Posters

<span title="">2011</span> <i title="Wiley"> <a target="_blank" rel="noopener" href="https://fatcat.wiki/container/cs2xolsnircr5p7bv56jqe2dky" style="color: black;">The Journal of Clinical Hypertension</a> </i> &nbsp;
and Aim: Ambulatory BP (ABP) is probably a better predictor of cardiovascular events (CE) than office BP (OBP), although its role in treated hypertensives in real life conditions is less known. The Cardiorisc Event study aimed to evaluate the association of ABP with the development of CE in high-risk patients included in the Spanish ABPM Registry. Methods: A total of 2115 hypertensive patients with either three or more additional risk factors, diabetes, documented target organ damage or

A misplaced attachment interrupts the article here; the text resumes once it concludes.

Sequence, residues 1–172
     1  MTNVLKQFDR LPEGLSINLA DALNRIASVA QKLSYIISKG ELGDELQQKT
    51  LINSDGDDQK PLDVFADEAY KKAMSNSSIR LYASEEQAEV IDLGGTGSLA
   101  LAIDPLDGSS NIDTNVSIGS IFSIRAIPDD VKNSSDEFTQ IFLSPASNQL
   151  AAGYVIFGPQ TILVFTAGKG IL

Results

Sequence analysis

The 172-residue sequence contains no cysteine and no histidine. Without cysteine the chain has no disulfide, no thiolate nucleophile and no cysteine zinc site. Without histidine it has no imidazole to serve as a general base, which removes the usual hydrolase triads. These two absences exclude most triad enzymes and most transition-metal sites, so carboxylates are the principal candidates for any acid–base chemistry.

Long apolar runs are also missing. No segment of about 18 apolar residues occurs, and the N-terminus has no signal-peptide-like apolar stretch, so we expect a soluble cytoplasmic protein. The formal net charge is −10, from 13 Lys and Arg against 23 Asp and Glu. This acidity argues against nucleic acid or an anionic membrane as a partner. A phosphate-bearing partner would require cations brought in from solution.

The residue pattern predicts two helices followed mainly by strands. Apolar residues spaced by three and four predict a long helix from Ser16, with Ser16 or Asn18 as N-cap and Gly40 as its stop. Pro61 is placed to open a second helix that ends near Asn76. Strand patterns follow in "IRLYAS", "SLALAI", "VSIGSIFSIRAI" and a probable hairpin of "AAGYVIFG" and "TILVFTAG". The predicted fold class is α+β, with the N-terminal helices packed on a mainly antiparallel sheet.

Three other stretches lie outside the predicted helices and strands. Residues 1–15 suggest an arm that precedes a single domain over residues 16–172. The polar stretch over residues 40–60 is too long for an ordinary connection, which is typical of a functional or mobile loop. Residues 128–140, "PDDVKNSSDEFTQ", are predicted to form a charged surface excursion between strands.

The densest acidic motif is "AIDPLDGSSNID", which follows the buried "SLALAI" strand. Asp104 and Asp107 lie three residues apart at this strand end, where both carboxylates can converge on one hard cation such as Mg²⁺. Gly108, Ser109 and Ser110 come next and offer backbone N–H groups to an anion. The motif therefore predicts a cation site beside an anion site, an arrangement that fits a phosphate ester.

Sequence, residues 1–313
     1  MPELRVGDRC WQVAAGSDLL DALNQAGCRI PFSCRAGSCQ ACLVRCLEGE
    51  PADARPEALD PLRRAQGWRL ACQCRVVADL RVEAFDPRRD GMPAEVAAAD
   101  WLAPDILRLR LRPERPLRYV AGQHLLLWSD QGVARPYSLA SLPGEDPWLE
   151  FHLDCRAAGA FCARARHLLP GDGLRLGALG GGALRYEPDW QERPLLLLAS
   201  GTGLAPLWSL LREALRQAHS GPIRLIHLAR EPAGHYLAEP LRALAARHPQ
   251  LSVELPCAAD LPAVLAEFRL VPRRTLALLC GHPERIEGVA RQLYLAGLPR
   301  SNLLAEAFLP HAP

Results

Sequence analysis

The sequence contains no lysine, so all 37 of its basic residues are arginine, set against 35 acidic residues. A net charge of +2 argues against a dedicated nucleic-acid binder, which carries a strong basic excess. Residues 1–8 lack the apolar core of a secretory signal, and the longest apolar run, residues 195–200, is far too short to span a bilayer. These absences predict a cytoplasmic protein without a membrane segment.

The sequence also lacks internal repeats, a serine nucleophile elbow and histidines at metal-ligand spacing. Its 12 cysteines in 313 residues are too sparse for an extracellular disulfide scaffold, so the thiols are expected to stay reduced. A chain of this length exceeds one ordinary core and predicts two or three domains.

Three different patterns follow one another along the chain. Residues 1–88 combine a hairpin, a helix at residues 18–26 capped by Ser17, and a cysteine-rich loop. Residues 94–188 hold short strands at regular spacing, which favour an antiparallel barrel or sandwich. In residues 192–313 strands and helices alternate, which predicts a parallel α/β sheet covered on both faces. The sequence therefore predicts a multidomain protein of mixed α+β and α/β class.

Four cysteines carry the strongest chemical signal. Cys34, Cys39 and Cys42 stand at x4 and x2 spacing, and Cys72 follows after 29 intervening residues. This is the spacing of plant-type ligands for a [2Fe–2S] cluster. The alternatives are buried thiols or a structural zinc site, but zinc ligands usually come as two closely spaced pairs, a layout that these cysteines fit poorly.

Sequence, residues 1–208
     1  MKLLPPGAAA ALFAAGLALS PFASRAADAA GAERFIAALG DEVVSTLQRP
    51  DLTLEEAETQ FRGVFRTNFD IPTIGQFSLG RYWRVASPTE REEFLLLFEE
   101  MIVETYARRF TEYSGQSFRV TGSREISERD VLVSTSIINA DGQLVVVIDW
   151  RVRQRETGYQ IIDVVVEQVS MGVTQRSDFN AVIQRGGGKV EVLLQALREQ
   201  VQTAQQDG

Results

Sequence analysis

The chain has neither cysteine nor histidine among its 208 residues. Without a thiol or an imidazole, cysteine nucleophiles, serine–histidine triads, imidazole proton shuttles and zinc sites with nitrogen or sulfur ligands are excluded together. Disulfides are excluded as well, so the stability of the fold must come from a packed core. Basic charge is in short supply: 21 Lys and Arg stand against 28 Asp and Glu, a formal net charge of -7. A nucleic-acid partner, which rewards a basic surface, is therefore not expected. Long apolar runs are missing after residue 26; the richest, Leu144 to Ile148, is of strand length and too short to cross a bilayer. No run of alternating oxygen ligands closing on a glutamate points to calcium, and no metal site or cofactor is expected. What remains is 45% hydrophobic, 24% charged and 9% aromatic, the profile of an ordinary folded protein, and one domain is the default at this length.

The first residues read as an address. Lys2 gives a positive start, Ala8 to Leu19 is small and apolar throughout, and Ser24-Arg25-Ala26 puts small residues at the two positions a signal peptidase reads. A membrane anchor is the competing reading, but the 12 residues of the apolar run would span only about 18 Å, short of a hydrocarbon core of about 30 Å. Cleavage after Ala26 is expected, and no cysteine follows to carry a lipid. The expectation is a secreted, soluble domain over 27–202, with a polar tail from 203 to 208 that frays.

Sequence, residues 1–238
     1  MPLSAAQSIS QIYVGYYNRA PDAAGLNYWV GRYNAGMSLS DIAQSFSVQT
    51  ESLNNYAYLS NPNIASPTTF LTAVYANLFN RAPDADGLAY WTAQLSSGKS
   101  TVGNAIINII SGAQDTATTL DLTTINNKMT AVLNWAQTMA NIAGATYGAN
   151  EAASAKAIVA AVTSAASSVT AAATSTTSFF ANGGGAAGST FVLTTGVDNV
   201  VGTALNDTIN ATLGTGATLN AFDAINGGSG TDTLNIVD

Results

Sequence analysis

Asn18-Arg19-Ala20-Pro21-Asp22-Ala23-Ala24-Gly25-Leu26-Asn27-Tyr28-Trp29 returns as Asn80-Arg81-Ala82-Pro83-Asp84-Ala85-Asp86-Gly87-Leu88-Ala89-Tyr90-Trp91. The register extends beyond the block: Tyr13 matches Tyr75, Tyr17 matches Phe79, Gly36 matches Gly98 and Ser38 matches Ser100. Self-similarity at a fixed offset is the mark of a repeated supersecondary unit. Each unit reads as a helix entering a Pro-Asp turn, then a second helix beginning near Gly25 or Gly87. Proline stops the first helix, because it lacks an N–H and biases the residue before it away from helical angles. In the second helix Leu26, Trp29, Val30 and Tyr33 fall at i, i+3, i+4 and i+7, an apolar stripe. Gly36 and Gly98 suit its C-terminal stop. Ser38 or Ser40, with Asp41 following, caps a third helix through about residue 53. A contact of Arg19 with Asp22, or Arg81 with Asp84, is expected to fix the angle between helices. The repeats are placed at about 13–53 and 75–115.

more &raquo; ... cardiovascualr or renal disease were included. They entered the Spanish ABPM Registry between 2005 and 2006. Vital status and the development of CE were checked during 2009. The primary combined endpoint was the sum of death from cardiovascular causes, non-fatal myocardial infarction, non-fatal stroke and coronary or peripheral revascularization procedures. Results: They were 268 primary events. The relationship between ABP values and the appearance of cardiovascular events is detailed in the Table. Conclusion: After adjustment for OBP and cardiovascular risk factors and diseases, ABP is related with the development of CE. Systolic and pulse pressures measured 24-hour, daytime and nighttime, all show positive correlations. In the case of diastolic BP, this relationship is only observed with nighttime values. A high night/day ratio is also associated with a higher risk for cardiovascular events. Table. Differences in BP between patients with and without cardiovascular events Parameter With CV event Without CV event Unadjusted P Adjusted by OBP* Adjusted by OBP and confounders** 24-hour SBP 136.0 AE 18.0 130.7 AE 15.3 The mercury sphygmomanometer is regarded as the most accurate device for blood pressure (BP) measurement against which new devices should be validated. However, for environmental reasons mercury devices are progressively banned. This study validated a hybrid mercury-free auscultatory device (Nissei DM3000) aiming to replace the mercury sphygmomanometer for office use and also as a standard for the validation of new devices. The tested device was validated using the European Society of Hypertension International Protocol (ESH-IP) 2010 with simultaneous BP measurements and increased number of BP comparisons. Thirty-three subjects fulfilling the ESH-IP requirements had 6 BP measurements taken simultaneously by a supervisor (S) using the tested device and 2 observers (A and B) using mercury sphygmomanometers (198 readings). The ESH-IP analysis based on 99 BP readings showed: mean device-observer systolic/diastolic BP difference 0.2 AE 2.0/0.1 AE 2.0 mmHg; systolic BP differences 5/10/15 mmHg in 97/99/99 readings respectively and diastolic 98/99/99; all 33 subjects with 2 of 3 BP differences 5 mmHg and none without a difference 5 mmHg (systolic and diastolic). Further analysis based on 198 BP readings showed: mean differences S-A 0.1 AE 2.4/0.2 AE 2.4 mmHg (systolic/diastolic), S-B 0.3 AE 2.1/ 0.2 AE 2.2, A-B 0.2 AE 2.4/0.0 AE 2.3; Differences 2 mmHg S-A in 88/84% (systolic/diastolic), S-B 87/85%, A-B 87/86% and 4 mmHg S-A 95/96%, S-B 95/96%, A-B 95/98%. These data suggest that a hybrid mercury-free auscultatory BP monitor comfortably passed the ESH-IP 2010 validation requirements for clinical use and has the same level of accuracy as the mercury sphygmomanometer. This device appears to be a reliable alternative to the mercury sphygmomanometer for office use and also as a standard for future validation studies of new BP devices.
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